And, very related to the above...

[] How to preserve the political popularity of Social Security among the "loss generations" of the future? Ask yourself honestly: If the generations of your parents and grandparents had been made poorer by Social Security by $15 trillion, instead of richer by that much --- a $30 trillion swing for the worse -- would they have been as happy with it as they were? Would they have stood for that at all? That is the future of Social Security.

But I've discussed these reform options at some length previously, and am not going to re-hash that here.

The issue here is: What would Franklin D. Roosevelt think of all this, if he saw Social Security as it is today? Or: Are the righteous defenders of the status quo really defending "FDR's Social Security" as they so often claim?

Here are some historical facts:

The "Ponzi game" Social Security system described by Samuelson, Krugman and Friedman was very different from the Social Security program enacted by FDR.

To the contrary, "intergenerational equity" was a major concern of FDR himself and the other founders of Social Security, such as FDR's head of the Social Security Administration, Arthur Altmeyer, who also was one of Social Security's chief designers.

FDR famously insisted that Social Security be "self-supporting" and not drop a burden on future generations. What he'd think of a $14 trillion unfunded liability like today's being dropped on future workers we can tell from both his words and actions.

For instance, when his program was being legislated some working on it tried to slip in "paygo" provisions that would cause it to require funding in excess of payroll tax in the 1960s. To their surprise FDR actually read all the paperwork, found the provision, yanked it, made them re-write it without that unfunded liability, and delayed the legislative submission.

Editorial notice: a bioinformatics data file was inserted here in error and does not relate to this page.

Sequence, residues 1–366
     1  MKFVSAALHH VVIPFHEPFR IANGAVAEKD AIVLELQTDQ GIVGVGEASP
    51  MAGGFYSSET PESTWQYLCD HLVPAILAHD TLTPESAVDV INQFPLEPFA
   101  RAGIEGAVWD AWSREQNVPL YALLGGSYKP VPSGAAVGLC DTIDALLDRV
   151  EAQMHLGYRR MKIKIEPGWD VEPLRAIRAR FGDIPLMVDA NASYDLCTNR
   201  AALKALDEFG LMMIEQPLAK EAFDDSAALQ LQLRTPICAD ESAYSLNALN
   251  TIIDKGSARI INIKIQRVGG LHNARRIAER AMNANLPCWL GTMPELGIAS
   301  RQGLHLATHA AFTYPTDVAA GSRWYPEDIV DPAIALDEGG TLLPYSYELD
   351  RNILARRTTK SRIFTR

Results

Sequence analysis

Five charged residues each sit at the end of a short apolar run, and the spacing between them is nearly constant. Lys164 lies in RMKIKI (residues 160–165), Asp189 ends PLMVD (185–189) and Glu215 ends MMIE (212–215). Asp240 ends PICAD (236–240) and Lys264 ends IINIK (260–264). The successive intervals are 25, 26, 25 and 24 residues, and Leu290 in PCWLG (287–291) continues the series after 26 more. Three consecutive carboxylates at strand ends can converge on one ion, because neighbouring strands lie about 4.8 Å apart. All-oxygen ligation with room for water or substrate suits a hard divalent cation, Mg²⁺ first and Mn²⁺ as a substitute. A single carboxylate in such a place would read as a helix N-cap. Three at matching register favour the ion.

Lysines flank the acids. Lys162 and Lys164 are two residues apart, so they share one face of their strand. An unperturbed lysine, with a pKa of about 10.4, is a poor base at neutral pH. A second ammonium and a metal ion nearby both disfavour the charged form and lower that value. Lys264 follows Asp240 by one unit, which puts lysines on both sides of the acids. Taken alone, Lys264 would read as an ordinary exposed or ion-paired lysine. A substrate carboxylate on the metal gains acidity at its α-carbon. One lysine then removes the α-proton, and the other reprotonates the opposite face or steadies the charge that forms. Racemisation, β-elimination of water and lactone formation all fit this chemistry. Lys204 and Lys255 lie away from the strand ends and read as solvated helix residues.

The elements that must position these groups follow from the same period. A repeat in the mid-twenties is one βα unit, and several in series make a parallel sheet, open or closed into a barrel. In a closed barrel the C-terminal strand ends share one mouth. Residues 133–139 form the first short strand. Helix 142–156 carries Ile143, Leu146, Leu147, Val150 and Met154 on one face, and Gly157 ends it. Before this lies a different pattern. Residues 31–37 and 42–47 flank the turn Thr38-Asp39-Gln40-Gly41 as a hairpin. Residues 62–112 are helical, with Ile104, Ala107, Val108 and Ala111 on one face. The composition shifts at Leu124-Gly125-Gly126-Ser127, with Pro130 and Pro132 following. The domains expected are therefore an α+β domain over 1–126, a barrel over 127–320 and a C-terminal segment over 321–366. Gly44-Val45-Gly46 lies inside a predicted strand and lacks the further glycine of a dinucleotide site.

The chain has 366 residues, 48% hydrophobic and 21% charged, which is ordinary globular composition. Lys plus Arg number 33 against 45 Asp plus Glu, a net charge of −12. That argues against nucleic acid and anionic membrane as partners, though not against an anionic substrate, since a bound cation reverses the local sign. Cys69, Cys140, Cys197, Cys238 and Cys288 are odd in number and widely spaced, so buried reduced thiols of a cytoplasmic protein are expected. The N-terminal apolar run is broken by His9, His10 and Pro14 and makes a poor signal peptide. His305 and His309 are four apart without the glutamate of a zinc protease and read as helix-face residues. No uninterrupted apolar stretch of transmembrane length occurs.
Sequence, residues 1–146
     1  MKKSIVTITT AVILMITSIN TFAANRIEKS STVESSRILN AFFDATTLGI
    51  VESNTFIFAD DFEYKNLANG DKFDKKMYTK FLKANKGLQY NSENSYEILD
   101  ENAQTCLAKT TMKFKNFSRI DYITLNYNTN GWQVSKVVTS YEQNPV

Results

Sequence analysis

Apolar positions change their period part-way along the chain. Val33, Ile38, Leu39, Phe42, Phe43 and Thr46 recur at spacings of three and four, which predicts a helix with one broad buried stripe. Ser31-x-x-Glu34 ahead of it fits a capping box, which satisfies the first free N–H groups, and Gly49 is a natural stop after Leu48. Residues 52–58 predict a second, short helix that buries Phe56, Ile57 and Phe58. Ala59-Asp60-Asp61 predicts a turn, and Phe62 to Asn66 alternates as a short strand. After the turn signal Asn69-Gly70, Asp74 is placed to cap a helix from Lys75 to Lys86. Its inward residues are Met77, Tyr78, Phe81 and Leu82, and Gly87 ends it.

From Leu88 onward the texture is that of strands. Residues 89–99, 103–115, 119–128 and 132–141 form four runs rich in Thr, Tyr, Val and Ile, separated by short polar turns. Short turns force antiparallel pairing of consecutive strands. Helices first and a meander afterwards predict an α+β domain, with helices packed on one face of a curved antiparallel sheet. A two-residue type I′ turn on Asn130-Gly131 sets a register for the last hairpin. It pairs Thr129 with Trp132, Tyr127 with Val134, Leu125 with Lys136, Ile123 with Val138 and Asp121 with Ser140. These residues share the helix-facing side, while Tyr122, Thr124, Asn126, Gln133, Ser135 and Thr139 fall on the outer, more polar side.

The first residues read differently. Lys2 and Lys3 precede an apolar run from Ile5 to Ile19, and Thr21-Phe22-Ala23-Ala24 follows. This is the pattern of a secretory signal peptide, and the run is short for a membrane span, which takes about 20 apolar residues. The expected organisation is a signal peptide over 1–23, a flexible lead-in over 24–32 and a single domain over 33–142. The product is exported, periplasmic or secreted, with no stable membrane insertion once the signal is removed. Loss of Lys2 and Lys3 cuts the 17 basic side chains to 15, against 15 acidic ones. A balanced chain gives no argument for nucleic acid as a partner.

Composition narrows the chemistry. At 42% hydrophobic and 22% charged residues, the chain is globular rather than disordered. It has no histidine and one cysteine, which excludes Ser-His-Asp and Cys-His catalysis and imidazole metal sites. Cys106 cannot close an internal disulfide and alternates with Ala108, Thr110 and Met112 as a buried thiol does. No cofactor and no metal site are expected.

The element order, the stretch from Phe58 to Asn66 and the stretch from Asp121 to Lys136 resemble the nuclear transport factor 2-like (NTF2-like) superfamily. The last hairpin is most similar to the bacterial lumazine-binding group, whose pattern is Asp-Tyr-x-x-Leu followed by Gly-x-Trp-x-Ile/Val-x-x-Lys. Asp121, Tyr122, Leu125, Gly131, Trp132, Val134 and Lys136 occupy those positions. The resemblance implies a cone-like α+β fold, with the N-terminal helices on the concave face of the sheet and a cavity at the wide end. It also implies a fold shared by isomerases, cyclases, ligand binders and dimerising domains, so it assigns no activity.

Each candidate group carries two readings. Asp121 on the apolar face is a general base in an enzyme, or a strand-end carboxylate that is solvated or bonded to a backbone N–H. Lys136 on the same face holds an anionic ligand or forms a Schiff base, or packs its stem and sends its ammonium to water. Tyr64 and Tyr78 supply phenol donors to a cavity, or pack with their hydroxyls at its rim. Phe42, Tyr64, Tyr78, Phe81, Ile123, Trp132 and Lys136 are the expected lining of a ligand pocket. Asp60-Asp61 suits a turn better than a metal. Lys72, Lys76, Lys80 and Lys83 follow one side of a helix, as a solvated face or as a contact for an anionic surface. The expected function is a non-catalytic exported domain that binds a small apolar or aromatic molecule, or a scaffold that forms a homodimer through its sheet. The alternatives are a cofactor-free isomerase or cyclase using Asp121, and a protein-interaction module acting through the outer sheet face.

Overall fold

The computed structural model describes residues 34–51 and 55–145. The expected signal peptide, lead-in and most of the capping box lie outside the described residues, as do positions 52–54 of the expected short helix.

FDR's final program as enacted in the Social Security Act of 1935 was largely "funded" -- as opposed to "paygo" -- and projected to have a very large trust fund accumulation built up by the 1980s, sufficient to operate for decades more. It would have, too, had FDR's original law stayed in place. (Instead, Social Security went broke and had to be "saved" in 1983 with a reform that preserved benefits for the old with large tax hikes on and benefit cuts for the young -- the process of collecting from the young on the "backward transfer" had begun.)

FDR and Altmeyer repeatedly insisted that Social Security would have "insurance-basis funding" providing a "fair return" favorably comparable to that from an annuity bought from an insurance company (which very few people could obtain on their own in the 1930s).

As Altmeyer promised the public in 1936:
"Moreover, every worker eligible ...will receive a monthly retirement benefit upon reaching the age of 65 larger than he could purchase from any private insurance company with the taxes he will have paid."
This basically resolved to a return at the Treasury bond interest rate -- a return that was stable across generations and sustainable indefinitely into the future.

Look at the actual benefit schedule of the FDR's Social Security Act of 1935. With the payroll tax rapidly rising to 6%, no benefits payable until five years after tax collection started, and benefits then only very slowly rising to their maximum, and always directly dependent on the amount of tax each individual had already paid -- at the same rate across generations, FDR's funded program was designed to provide a steady rate-of-return that could have lasted indefinitely.

But what happened instead? As soon as the payroll taxes started coming in Congress's Left side said: "Don't save them, don't wait, spend those taxes right now!" And it's Right side said: "The left is just going to squander all the tax money -- stop them by cutting the tax!"

So they made a deal: use all the tax money coming in on faster and bigger benefits right away while stopping the future tax hikes. More spending, less taxes! What politician doesn't like that?? (That's when the trust fund was really wiped out.)